When it comes to critical acclaim, it’ll be hard to beat “Moonlight.” The indie drama, which made the rounds at the Telluride, Toronto and New York Film Festivals and was released in theaters on October 21, has scored a remarkable 99 on MetaCritic, which as of this writing makes it that website’s highest-rated film of the year. It’s the highest-rated film of the last two years actually; no film has scored this high since “Boyhood” got a perfect score of 100 in 2014. On top of that, “Moonlight” is 98% fresh on Rotten Tomatoes.
That’s going to make the film a force to be reckoned with at this fall’s critics awards, which often set the stage for the Oscars. As it stands the expert film journalists we’ve polled rank “Moonlight” third for Best Picture with 9/1 odds, right behind frontrunner “La La Land” (9/2 odds) and “Manchester by the Sea” (6/1 odds).
Normally a film like “Moonlight” would be a tough sell for awards voters: it’s an understated story about underprivileged black characters by a relatively unknown director (Barry Jenkins) and without A-list stars. But it’s distributed by A24, the company that handled another tough-sell contender last year, “Room,” and guided it to Oscar noms for Best Picture and Best Director (Lenny Abrahamson) and a Best Actress win for Brie Larson.
Do you think the universal acclaim for “Moonlight” will bolster its Oscar chances? Check out some of the reviews below, and discuss the film with Hollywood insiders in our movie forum.
Dana Stevens (Slate): “Moonlight is one of those movies that showers its audience with blessings: raw yet accomplished performances from a uniformly fine cast, casually lyrical camerawork, and a frankly romantic soundtrack that runs the gamut from ’70s Jamaican pop to a Mexican folk song crooned by the Brazilian Caetano Veloso. But the film’s greatest gift may be that flood of cleansing tears—which, by the time this spare but affecting film was over, I was also shedding in copious volume.”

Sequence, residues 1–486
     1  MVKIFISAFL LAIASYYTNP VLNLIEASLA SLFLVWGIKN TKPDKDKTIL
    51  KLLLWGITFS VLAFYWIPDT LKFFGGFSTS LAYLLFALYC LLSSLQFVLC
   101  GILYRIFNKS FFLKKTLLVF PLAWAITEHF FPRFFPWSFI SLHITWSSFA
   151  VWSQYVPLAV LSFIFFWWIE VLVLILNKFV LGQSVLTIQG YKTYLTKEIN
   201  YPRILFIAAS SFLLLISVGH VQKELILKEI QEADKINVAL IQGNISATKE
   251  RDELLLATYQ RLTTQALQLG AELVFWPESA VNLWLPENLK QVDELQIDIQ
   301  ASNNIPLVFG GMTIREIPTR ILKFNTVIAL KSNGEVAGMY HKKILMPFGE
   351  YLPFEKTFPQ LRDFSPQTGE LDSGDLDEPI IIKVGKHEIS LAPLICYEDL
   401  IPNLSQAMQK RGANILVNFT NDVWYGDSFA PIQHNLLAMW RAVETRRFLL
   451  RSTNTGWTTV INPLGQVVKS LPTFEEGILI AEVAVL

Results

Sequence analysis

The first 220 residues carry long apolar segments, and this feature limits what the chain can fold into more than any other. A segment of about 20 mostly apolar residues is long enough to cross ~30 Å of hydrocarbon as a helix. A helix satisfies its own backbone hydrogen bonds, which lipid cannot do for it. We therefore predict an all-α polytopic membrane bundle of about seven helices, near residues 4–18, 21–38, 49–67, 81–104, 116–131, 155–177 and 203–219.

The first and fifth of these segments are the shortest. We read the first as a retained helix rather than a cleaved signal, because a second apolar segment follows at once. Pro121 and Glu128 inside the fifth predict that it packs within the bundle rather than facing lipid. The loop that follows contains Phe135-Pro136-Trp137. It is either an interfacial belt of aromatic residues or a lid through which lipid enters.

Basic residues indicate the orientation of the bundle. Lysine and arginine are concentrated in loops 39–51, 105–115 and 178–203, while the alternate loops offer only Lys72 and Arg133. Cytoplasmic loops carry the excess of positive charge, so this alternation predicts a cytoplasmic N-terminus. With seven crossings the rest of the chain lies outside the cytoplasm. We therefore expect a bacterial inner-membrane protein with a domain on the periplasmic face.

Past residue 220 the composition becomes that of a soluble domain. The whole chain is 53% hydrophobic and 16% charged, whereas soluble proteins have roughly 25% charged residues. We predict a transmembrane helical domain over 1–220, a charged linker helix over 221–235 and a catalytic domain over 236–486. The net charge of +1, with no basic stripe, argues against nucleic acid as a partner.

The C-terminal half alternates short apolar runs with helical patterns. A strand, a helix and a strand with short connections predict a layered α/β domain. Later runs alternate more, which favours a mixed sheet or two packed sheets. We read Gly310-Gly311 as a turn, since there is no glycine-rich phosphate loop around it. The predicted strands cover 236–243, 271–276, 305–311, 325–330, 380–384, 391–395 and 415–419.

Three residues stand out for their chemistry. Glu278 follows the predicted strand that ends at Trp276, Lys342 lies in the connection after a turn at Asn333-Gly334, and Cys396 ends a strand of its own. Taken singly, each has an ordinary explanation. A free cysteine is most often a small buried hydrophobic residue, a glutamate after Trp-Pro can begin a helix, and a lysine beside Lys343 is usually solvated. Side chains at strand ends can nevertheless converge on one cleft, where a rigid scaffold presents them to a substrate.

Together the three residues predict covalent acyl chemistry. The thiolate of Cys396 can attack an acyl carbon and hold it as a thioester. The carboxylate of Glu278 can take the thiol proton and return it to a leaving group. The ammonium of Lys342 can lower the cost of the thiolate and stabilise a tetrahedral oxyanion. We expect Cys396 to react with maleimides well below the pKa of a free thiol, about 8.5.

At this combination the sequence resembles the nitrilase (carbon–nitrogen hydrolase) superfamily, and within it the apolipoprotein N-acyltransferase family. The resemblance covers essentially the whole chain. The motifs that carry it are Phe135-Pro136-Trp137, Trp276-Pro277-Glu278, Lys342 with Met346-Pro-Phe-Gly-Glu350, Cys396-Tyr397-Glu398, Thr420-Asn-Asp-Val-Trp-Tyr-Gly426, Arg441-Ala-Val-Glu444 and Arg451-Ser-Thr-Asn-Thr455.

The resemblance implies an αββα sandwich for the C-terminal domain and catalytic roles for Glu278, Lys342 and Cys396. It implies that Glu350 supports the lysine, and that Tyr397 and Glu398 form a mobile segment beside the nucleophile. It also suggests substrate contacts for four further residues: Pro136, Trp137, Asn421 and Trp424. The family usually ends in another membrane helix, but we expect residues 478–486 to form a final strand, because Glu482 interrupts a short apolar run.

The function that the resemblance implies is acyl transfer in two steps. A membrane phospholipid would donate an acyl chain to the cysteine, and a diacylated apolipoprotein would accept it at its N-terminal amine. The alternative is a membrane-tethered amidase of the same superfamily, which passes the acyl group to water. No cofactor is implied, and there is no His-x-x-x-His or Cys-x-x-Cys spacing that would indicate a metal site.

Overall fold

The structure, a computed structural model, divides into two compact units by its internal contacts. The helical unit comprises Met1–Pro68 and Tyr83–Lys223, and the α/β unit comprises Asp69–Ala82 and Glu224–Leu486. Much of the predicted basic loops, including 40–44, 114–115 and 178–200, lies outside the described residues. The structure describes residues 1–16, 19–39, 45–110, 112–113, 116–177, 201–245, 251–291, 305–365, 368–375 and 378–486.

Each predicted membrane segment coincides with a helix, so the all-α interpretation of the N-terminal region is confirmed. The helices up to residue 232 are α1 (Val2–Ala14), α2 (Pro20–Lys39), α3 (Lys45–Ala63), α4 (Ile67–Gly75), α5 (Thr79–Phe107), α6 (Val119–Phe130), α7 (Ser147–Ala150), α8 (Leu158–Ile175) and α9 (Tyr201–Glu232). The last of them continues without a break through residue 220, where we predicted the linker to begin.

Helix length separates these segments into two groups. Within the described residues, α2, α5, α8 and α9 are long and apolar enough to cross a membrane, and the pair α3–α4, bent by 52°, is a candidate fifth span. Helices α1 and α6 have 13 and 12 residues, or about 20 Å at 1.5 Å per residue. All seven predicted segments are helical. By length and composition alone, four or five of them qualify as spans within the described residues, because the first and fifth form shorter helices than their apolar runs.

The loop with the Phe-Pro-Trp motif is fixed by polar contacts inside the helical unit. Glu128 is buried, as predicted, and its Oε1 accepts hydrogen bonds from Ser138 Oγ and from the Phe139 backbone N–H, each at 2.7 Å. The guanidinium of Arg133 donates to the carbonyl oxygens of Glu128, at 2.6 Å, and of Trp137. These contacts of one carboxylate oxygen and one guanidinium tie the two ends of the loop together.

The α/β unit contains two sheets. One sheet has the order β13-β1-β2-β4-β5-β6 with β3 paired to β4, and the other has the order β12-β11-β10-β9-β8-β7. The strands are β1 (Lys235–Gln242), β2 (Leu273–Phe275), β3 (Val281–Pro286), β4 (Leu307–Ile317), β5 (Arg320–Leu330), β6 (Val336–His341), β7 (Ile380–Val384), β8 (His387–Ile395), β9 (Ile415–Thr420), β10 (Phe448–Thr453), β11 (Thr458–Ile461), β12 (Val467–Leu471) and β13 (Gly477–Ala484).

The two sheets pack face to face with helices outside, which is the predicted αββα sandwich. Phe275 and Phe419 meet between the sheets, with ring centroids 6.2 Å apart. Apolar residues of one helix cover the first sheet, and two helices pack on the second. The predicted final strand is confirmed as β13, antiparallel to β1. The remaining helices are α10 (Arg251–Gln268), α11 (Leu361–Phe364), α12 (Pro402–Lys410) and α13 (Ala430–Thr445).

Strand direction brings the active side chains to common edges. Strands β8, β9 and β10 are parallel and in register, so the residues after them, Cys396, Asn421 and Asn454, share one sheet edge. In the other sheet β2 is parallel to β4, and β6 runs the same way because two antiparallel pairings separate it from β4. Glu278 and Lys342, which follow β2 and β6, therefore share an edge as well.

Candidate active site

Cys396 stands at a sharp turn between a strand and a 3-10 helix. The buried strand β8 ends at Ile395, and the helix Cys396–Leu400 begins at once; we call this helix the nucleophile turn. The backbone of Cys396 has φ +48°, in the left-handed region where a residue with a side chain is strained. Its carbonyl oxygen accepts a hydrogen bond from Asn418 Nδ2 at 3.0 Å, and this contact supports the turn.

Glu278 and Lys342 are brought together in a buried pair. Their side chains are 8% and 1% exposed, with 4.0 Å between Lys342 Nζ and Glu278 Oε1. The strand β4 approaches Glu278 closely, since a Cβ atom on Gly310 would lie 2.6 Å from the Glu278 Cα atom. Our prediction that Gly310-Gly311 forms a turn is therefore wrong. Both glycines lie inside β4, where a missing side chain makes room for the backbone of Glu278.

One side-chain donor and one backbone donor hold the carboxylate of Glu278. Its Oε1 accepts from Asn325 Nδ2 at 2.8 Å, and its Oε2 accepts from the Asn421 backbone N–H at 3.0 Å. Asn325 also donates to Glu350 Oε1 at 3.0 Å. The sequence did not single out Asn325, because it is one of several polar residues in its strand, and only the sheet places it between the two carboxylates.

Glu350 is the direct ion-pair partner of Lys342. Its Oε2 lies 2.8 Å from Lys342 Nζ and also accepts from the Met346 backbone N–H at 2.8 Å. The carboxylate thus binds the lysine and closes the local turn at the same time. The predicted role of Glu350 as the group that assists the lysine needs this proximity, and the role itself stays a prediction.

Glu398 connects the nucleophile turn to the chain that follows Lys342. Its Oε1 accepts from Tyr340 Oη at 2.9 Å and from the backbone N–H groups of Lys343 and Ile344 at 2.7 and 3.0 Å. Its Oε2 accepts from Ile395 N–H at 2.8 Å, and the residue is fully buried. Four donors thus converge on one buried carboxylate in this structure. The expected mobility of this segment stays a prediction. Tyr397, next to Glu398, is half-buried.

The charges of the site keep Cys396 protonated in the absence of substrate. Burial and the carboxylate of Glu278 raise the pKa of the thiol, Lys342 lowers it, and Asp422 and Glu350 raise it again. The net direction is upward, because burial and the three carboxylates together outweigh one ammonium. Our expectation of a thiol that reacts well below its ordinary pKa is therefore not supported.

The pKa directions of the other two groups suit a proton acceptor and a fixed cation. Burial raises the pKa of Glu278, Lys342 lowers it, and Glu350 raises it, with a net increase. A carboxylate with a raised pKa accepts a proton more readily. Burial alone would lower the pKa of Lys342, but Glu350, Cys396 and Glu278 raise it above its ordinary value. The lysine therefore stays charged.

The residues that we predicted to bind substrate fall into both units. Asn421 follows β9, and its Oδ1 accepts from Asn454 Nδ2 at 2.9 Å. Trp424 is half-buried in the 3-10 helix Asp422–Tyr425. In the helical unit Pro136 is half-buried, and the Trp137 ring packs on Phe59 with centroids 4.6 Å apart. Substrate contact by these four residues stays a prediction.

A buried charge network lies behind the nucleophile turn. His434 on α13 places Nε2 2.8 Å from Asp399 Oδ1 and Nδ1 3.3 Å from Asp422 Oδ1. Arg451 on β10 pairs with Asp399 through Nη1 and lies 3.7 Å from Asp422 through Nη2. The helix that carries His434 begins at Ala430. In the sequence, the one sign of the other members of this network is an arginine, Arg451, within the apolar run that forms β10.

Stephanie Zacharek (Time): “Barry Jenkins’ Moonlight—which Jenkins adapted from a story by playwright Tarell McCraney—is a coming-of-age movie, and a love story, that leaves you feeling both stripped bare and restored, slightly better prepared to step out and face the world of people around you, with all the confounding challenges they present. There’s not much more you can ask from a movie.”
Benjamin Lee (The Guardian): “In a festival season that’s too often populated by quite literally vanilla awards fare, writer/director Barry Jenkins’ astonishing new film is both proudly black and refreshingly queer. It’s a thrilling, deeply necessary work that opens up a much-needed and rarely approached on-screen conversation about the nature of gay masculinity.”
Eric Kohn (Indiewire): “Rich with evocative images and tender exchanges, writer-director Barry Jenkins’ treatment of Tarrell Alvin McCraney’s play ‘In Moonlight Black Boys Look Blue’ is a beautiful drama that manages to be both epic and understated.”
Be sure to make your Oscar predictions so that Hollywood insiders can see how this film is faring in our racetrack odds. You can keep changing your predictions right up until just before nominations are announced on January 24 at 5:00 am PT/8:00 am ET. Read our contest rules. And join in the fierce debate over the Oscars taking place right now with Hollywood insiders in our forums.